Prenatal exposure to paracetamol linked with language delay at 30 months

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Findings from a new study have prompted its authors to suggest there may be cause to limit the use of paracetamol during pregnancy.

In the first study of its kind, researchers examined data from the Swedish Environmental Longitudinal, Mother and Child, Asthma and Allergy study (SELMA) to explore prenatal paracetamol exposure in relation to language development in offspring at 30 months of age. Information was gathered from 754 women who were enrolled into the study in weeks 8-13 of their pregnancy, and whose paracetamol use was measured. The frequency of language delay was measured for their children at 30 months.

The authors found girls born to mothers who took the drug more than six times in early pregnancy were nearly six-times more likely to have language delay than girls born to mothers who did not take paracetamol.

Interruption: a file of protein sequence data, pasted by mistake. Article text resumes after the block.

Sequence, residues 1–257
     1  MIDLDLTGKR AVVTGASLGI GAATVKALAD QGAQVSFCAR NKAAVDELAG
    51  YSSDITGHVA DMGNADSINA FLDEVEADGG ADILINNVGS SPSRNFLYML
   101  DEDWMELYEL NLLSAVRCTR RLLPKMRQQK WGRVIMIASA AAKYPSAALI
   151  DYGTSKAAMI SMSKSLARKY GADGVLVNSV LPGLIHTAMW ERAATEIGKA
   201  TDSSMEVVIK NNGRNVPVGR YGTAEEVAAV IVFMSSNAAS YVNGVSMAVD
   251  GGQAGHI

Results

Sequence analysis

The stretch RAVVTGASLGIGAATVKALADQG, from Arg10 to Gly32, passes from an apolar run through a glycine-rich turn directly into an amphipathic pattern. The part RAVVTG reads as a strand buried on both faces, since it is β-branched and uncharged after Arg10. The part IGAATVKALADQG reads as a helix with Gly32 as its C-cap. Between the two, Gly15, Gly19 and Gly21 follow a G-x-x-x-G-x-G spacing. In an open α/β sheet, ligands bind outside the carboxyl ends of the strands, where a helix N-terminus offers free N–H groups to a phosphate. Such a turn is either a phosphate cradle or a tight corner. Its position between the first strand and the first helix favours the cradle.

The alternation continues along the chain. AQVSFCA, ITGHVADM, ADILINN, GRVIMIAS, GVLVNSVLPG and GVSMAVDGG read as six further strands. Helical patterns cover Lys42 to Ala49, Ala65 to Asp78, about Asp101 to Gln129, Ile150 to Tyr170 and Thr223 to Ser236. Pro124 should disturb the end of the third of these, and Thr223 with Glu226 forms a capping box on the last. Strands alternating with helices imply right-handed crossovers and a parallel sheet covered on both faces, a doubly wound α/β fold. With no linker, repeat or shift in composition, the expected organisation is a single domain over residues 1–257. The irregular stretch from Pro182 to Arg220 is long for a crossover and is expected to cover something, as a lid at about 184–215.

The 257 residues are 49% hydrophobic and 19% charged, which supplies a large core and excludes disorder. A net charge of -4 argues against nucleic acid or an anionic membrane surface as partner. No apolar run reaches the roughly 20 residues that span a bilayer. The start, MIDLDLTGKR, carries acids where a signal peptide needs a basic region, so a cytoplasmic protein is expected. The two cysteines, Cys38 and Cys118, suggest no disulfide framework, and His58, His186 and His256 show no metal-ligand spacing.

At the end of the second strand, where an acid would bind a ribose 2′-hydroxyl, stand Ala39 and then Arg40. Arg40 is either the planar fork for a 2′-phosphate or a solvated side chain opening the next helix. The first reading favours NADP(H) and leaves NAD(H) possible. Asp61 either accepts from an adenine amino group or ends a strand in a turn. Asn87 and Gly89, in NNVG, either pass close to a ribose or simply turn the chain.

Senior study author, Shanna Swan, said given the prevalence of prenatal paracetamol use and the importance of language development, “Our findings if replicated, suggest that pregnant women should limit their use of this analgesic during pregnancy”.

The SELMA study will follow the children and re-examine language development at seven years.

The findings are published in European Psychiatry.